Armed Attackers Kidnap and Kill 11 Miners in Pakistan

ISLAMABAD, Pakistan — Armed men abducted and killed at least 11 coal miners in southwestern Pakistan early Sunday, officials said. All the victims were ethnic Hazaras, a minority Shiite group that has often been the target of Sunni extremists.

Four more miners were wounded and undergoing medical treatment, officials said.

Officials said the events took place in Machh, a small mining town in Baluchistan Province about 30 miles east of Quetta, the provincial capital. They said the attackers had blindfolded the miners, tied their hands behind their backs, and shot them at close range. Most also had their throats cut. The bodies were found early Sunday.

“Their clothes from the front were almost fully bloodstained,” Ali Raza, a Hazara activist who received the bodies in Quetta, said in a phone interview. “Bruises on bodies also suggest that they were dragged.”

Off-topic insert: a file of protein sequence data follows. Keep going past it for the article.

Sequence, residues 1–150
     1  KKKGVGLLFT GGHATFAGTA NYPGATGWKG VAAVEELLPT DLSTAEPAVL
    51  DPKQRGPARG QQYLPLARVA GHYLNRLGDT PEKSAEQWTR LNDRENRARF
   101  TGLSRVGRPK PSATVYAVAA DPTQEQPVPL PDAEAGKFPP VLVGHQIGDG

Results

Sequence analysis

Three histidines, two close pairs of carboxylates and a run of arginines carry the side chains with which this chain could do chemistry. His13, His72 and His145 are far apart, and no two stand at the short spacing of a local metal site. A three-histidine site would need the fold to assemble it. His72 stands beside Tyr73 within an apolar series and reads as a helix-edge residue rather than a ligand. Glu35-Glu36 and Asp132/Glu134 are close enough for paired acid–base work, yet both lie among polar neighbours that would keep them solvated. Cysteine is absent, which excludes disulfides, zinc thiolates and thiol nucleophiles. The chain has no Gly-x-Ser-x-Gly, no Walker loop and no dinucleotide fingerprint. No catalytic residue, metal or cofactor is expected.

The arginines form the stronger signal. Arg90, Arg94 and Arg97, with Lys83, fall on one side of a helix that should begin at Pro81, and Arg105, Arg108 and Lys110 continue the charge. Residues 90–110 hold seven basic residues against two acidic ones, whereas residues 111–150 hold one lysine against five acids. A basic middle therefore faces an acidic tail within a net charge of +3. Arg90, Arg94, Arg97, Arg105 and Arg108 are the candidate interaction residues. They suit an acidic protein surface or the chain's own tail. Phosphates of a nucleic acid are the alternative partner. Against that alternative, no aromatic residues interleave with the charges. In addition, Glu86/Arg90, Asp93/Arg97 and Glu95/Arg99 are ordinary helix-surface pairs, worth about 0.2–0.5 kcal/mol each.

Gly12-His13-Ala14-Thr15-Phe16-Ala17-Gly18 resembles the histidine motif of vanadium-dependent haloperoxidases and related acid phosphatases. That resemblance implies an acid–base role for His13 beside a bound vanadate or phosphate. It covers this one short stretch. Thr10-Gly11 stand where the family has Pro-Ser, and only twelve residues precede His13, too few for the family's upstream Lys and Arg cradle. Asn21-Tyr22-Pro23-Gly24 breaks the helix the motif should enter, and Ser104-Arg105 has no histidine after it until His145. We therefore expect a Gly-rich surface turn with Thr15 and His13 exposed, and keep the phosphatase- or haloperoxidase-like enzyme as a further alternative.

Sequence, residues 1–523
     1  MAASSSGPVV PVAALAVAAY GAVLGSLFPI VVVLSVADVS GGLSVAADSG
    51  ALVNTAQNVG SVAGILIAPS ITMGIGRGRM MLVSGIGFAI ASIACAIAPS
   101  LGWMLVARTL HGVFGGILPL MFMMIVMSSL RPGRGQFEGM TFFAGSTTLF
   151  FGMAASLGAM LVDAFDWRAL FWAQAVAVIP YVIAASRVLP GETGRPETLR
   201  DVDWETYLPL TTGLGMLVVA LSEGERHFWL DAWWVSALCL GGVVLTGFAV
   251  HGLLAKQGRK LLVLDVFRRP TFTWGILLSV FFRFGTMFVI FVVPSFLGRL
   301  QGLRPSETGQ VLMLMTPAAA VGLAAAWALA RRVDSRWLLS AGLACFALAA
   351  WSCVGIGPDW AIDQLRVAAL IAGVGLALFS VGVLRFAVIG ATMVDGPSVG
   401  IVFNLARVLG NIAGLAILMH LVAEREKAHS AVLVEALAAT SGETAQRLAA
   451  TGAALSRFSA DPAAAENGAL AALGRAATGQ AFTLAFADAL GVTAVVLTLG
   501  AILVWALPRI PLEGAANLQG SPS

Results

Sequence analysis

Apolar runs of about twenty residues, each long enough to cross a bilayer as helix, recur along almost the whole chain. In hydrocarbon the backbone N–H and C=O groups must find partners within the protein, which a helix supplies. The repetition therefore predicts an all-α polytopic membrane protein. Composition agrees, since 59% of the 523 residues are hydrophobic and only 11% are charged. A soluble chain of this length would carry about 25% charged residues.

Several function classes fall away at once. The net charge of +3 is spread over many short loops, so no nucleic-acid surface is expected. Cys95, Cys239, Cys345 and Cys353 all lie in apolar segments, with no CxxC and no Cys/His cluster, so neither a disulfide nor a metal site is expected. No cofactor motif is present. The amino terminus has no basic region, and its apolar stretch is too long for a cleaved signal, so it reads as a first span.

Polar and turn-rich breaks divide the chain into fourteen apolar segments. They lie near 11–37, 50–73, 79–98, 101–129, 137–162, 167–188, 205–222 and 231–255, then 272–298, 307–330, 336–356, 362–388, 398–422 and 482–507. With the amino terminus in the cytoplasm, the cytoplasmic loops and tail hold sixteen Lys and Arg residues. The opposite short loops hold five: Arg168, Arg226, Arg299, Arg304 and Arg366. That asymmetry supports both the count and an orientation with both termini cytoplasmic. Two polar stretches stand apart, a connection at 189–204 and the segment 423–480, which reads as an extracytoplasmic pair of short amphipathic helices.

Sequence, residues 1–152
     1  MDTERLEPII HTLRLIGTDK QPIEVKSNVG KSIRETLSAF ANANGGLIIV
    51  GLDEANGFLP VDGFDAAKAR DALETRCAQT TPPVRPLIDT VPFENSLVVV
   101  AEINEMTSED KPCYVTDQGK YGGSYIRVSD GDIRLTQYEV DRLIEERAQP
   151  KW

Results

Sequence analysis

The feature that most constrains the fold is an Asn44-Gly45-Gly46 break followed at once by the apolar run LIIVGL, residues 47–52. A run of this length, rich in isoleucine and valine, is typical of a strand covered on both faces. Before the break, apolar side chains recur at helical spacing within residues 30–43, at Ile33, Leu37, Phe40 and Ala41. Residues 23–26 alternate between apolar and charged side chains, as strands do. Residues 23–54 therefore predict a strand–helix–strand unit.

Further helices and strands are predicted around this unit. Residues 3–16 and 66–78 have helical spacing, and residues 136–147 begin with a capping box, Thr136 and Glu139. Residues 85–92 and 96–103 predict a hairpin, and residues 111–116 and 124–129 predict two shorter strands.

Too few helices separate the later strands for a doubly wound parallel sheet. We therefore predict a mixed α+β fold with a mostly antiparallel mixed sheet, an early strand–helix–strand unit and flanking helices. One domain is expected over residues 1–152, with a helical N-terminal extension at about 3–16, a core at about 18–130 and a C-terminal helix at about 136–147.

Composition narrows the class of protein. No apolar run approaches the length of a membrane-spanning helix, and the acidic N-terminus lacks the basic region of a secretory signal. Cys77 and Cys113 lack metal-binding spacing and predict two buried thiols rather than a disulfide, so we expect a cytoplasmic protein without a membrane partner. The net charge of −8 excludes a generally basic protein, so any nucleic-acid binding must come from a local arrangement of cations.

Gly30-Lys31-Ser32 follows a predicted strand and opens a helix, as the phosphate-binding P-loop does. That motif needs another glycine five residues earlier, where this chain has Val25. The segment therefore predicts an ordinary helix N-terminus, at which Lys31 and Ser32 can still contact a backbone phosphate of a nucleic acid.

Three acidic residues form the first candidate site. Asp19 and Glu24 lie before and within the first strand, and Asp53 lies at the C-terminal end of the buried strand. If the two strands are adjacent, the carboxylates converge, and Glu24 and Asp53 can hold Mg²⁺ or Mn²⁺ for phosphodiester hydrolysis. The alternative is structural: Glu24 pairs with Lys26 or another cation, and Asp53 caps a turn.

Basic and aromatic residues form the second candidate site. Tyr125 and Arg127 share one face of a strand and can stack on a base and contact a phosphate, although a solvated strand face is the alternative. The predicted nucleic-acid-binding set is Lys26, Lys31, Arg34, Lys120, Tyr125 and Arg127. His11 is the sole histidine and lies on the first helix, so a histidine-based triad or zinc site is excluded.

Mir Ziaullah Langau, the home minister for Baluchistan Province, said that security forces were on high alert and searching for the attackers.

The southwestern province of Baluchistan is Pakistan’s largest and poorest region, rife with ethnic, sectarian and separatist insurgencies. It borders both Iran and Afghanistan, and although sparsely populated it is rich in mineral and natural resources, including copper, gold and natural gas.

The local population has long complained that it is denied a proper share of the wealth generated by those resources, and separatists have waged a low-intensity insurgency for decades, demanding freedom from the federal government. Pakistani officials say the separatist groups have the backing of India, the country’s main rival.

The Taliban have also maintained sanctuaries in some parts of the province near the border with Afghanistan.

Ihsanullah Tipu Mehsud contributed reporting.

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